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Second-most common breast cancer subtype may benefit from personalized treatment approach

Date:
February 26, 2014
Source:
University of Pittsburgh Schools of the Health Sciences
Summary:
The second-most common type of breast cancer is a very different disease than the most common and appears to be a good candidate for a personalized approach to treatment. Invasive lobular carcinoma, characterized by a unique growth pattern in breast tissue that fails to form a lump, has distinct genetic markers that indicate there may be benefits from drug therapies beyond those typically prescribed for the more common invasive ductal carcinoma.

Invasive lobular carcinoma (ILC) cells (blue/purple) invade healthy breast tissue (pink) in the characteristic 'single-file' manner, and do not form an easily detectable lump or mass.
Credit: UPCI

The second-most common type of breast cancer is a very different disease than the most common and appears to be a good candidate for a personalized approach to treatment, according to a multidisciplinary team led by University of Pittsburgh Cancer Institute (UPCI) scientists.

Invasive lobular carcinoma, which is characterized by a unique growth pattern in breast tissue that fails to form a lump, has distinct genetic markers that indicate there may be benefits from drug therapies beyond those typically prescribed for the more common invasive ductal carcinoma. The results will be published in the March 1 issue of the journal Cancer Research.

Patients with invasive lobular carcinoma are typically treated through surgical removal of the cancer, followed by chemotherapy or hormone therapy or both, usually with the estrogen-mimicking drug tamoxifen or estrogen-lowering aromatase inhibitors, the same as patients with invasive ductal carcinoma.

"However, recent analyses have shown that a subset of patients with lobular carcinoma receive less benefit from adjuvant tamoxifen than patients with ductal carcinoma," said senior author Steffi Oesterreich, Ph.D., professor at UPCI, a partner with UPMC CancerCenter, and director of education at the Women's Cancer Research Center. "Our study, the largest of its kind, indicates an issue with the estrogen receptors inside lobular carcinoma cells and points to a potential target for drug therapy in future clinical trials, which we are developing."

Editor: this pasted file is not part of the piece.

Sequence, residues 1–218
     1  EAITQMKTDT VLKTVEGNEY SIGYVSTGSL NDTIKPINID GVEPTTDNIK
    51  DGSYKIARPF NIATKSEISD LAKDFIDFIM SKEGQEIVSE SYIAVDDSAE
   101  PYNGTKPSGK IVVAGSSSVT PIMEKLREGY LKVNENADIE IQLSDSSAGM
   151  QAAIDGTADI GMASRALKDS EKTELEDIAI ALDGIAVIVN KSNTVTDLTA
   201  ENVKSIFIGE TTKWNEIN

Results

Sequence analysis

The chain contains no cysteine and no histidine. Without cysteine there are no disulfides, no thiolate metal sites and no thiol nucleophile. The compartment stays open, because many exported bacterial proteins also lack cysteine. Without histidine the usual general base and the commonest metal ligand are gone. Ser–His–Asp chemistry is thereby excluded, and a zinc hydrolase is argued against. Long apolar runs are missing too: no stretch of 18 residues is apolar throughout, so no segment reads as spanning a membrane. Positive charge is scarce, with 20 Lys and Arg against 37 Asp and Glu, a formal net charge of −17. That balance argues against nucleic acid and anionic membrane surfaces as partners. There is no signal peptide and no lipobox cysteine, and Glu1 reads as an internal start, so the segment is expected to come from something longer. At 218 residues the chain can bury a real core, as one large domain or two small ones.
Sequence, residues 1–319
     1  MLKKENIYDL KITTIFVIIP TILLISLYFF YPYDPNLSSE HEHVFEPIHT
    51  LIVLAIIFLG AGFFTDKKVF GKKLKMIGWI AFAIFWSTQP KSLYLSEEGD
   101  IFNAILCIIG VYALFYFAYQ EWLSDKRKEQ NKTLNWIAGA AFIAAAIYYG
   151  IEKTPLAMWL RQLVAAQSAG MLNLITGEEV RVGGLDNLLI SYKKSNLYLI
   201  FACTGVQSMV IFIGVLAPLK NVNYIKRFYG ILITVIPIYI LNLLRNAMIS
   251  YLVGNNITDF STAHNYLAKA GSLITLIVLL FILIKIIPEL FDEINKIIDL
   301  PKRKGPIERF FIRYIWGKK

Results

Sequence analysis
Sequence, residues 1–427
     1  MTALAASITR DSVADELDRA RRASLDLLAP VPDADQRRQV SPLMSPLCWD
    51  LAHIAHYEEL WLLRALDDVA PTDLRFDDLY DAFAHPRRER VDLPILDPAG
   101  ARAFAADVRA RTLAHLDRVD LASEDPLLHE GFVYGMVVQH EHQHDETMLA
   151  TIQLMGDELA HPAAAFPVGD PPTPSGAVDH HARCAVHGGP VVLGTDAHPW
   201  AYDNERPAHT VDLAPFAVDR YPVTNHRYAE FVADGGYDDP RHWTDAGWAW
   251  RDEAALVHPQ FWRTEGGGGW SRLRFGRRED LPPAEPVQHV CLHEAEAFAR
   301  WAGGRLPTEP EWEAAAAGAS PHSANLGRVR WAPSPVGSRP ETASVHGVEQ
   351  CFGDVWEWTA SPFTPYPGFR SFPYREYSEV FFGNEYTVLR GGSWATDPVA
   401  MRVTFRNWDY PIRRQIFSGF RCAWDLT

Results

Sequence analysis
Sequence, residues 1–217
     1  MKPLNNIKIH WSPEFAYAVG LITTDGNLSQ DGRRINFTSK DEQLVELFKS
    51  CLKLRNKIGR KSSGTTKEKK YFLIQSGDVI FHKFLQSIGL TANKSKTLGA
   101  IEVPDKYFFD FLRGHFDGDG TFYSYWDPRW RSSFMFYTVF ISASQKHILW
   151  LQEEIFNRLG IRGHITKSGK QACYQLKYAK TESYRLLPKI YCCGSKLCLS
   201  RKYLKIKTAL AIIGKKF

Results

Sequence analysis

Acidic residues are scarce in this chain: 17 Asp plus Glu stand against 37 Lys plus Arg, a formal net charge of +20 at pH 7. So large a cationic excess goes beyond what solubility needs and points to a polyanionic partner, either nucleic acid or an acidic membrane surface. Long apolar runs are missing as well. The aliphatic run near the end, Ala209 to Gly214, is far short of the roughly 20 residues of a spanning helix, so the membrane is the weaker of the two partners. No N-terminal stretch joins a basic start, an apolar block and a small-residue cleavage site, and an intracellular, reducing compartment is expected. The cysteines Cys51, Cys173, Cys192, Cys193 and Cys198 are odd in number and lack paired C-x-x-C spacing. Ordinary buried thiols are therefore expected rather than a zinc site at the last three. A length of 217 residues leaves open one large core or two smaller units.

The UPCI study, funded by the Breast Cancer Research Foundation and the U.S. Department of Defense, included collaborations across multiple disciplines, ranging from biostatistics and biomedical informatics to pathology and human genetics, in order to produce results with the potential for rapid translation into clinical therapies.

"In addition to its potential clinical implications, the study highlights the need for more and better models mimicking invasive lobular cancer that can be used for laboratory studies," said lead author Matthew Sikora, Ph.D., a postdoctoral associate at UPCI.

"Because lobular carcinomas account for only 10 to 15 percent of breast cancers, while ductal carcinomas make up nearly 80 percent, lobular carcinomas are a less attractive option for laboratory study," said Dr. Sikora. "However, 30,000 women in the U.S. are diagnosed with lobular carcinoma every year, so there is a great need for further study of this disease."


Story Source:

The above story is based on materials provided by University of Pittsburgh Schools of the Health Sciences. Note: Materials may be edited for content and length.


Journal Reference:

  1. M. J. Sikora, K. L. Cooper, A. Bahreini, S. Luthra, G. Wang, U. R. Chandran, N. E. Davidson, D. J. Dabbs, A. L. Welm, S. Oesterreich. Invasive lobular carcinoma cell lines are characterized by unique estrogen-mediated gene expression patterns and altered tamoxifen response.. Cancer Research, 2014; DOI: 10.1158/0008-5472.CAN-13-2779

Cite This Page:

University of Pittsburgh Schools of the Health Sciences. "Second-most common breast cancer subtype may benefit from personalized treatment approach." ScienceDaily. ScienceDaily, 26 February 2014. <www.sciencedaily.com/releases/2014/02/140226075025.htm>.
University of Pittsburgh Schools of the Health Sciences. (2014, February 26). Second-most common breast cancer subtype may benefit from personalized treatment approach. ScienceDaily. Retrieved September 1, 2014 from www.sciencedaily.com/releases/2014/02/140226075025.htm
University of Pittsburgh Schools of the Health Sciences. "Second-most common breast cancer subtype may benefit from personalized treatment approach." ScienceDaily. www.sciencedaily.com/releases/2014/02/140226075025.htm (accessed September 1, 2014).

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